Co-pilot Rajiv Rudy reporting for duty
- India hits back, says only issue in Kashmir is how to free PoK from Pakistan
- Hydraulic failure forces AI plane to make emergency landing
- Body found in Raigad forest is of Sheena, confirms DNA sample report
- Market back to levels when Narendra Modi came to power
- Two Indians taken into custody in Bangkok bombing case
As the BJP tries to find its feet in opposition, one party leader has found a way to stay above it all. He may be taking a break for the Parliament session, but on most other days, BJP spokesperson Rajiv Pratap Rudy can be heard from a new platform: the cockpit of an IndiGo Airbus A320.
The former civil aviation minister has been working in the low-cost carrier as a junior co-pilot since January. So these days, press conferences on the Maoist attack and sound bites on Tharoor and IPL are preceded by long radio telephony from Airbus A 320 to the ATC and some dedicated reading of the flight crew operating manual.
"The Airbus A 320 is one of the most fabulous machines invented by man," says Rudy, in his white-and-blue uniform, after a long Delhi-Kolkata-Agartala-Kolkata-Delhi haul last Tuesday. From the BJP headquarters in Delhi, to the politically sanitised flight deck, the 48-year-old seems to be enjoying the flight while it lasts. "The political process is already a part of me, but I needed to do something else, something new," he says.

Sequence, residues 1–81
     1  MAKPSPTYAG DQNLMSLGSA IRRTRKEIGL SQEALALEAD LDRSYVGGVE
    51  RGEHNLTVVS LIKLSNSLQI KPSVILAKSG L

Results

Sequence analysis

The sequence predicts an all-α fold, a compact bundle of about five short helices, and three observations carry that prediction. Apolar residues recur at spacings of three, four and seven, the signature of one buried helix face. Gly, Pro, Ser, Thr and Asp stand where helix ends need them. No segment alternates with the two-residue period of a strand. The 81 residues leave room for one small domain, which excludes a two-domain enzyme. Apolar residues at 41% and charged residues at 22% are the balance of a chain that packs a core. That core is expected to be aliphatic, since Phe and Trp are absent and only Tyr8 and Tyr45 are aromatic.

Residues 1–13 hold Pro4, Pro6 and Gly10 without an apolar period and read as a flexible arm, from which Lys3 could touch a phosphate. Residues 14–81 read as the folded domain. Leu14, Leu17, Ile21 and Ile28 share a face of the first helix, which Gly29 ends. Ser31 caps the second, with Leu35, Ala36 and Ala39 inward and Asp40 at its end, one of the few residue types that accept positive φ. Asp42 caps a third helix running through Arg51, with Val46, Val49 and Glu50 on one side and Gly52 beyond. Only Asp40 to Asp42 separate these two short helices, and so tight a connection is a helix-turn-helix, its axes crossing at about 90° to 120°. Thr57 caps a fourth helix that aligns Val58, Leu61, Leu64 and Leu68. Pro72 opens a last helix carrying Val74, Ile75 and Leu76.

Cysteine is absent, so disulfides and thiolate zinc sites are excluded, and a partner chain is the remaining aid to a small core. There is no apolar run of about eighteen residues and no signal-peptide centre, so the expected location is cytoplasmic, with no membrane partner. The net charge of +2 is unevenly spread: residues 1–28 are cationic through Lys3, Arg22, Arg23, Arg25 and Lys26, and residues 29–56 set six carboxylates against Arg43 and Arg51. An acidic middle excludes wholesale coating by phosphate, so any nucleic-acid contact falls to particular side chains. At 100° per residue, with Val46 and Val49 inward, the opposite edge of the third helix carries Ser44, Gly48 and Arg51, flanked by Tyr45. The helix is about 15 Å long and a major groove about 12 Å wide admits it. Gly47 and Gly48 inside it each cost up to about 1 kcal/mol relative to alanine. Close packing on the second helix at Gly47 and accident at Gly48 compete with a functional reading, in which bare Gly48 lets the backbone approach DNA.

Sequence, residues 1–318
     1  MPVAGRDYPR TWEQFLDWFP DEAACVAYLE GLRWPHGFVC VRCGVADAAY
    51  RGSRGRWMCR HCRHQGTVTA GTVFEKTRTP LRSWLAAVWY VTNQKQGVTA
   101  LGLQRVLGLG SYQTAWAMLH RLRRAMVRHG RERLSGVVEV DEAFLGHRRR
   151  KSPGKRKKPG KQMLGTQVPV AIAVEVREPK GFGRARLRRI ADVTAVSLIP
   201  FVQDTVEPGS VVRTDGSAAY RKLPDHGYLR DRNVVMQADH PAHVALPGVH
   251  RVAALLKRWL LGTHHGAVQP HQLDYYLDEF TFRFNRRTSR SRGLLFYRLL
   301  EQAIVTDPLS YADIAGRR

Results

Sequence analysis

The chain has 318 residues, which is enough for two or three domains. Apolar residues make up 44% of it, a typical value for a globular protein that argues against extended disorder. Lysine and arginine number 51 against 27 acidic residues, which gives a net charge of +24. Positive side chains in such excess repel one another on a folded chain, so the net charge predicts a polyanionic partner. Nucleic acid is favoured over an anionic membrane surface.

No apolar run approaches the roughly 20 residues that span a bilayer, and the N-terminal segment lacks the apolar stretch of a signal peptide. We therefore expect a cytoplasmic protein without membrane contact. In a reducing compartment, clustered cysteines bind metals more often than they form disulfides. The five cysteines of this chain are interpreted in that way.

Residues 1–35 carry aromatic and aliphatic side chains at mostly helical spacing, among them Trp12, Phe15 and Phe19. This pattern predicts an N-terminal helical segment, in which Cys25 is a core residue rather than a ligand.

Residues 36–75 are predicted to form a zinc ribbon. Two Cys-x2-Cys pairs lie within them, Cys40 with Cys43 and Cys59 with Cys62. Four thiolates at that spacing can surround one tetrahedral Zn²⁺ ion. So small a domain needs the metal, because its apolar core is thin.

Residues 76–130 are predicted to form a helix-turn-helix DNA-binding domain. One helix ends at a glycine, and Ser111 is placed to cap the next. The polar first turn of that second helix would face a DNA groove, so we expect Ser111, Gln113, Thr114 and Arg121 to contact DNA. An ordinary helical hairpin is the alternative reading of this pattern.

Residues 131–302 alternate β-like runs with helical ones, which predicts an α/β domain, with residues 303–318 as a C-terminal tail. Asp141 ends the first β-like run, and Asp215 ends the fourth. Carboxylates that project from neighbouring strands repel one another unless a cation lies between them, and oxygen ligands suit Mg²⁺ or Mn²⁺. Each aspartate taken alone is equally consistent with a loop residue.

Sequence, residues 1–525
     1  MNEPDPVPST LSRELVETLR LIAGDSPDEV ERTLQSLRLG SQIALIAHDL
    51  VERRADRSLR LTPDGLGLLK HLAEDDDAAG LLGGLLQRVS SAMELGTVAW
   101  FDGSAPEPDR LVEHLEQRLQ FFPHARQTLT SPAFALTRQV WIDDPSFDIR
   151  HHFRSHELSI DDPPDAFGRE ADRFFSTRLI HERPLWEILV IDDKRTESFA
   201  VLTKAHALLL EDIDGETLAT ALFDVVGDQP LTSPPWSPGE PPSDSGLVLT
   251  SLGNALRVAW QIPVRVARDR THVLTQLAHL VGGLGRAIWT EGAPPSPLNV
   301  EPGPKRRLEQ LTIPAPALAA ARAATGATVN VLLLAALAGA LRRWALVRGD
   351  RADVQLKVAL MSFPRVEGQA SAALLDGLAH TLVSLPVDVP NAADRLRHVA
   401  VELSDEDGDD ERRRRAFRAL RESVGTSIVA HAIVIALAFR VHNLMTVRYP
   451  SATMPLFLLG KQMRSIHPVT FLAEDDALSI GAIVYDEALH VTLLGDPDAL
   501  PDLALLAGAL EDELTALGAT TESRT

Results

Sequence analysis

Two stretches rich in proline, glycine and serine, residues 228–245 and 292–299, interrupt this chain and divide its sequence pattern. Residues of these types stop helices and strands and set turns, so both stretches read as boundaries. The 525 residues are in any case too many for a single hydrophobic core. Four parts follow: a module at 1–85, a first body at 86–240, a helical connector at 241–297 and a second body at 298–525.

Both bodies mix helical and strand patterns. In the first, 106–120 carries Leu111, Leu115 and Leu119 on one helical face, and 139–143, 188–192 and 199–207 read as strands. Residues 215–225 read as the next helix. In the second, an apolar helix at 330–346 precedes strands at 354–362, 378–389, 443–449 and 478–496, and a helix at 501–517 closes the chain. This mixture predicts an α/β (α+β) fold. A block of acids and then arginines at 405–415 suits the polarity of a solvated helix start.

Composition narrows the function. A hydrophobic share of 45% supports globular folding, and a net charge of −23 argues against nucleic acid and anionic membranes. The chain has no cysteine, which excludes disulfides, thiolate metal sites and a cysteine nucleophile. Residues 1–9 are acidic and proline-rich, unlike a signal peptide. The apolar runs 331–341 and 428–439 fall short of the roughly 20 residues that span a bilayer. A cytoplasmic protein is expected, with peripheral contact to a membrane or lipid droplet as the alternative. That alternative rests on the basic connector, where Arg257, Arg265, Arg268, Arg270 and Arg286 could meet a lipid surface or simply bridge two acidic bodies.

The BJP's long sabbatical from power has contributed. "Had I been active in government, possibly I couldn't have been doing this," he nods, carefully choosing his words.
Flying is an old passion that began in the late 1970s during Rudy's days as an NCC cadet in the Government College, Chandigarh, and almost died prematurely when the nearby Patiala Flying Club closed down after an air crash. In 1990, as an MLA, Rudy says he asked then Bihar chief minister Lalu Prasad to allow him to fly at the Patna Flying Club, "but he refused permission".
After losing to Lalu in the 2004 elections, Rudy, now a Rajya Sabha MP, went back to the flying club in 2006, trained on a Cessna 172 R and returned in 2008 with a commercial pilot's licence (No. 5682). "But I wanted to fly something big, like an Airbus," says Rudy, who with the blessings of the BJP top brass, including L K Advani and Rajnath Singh, flew to the SimCenter in Miami, Florida, in November 2009 for training on A 320 simulators.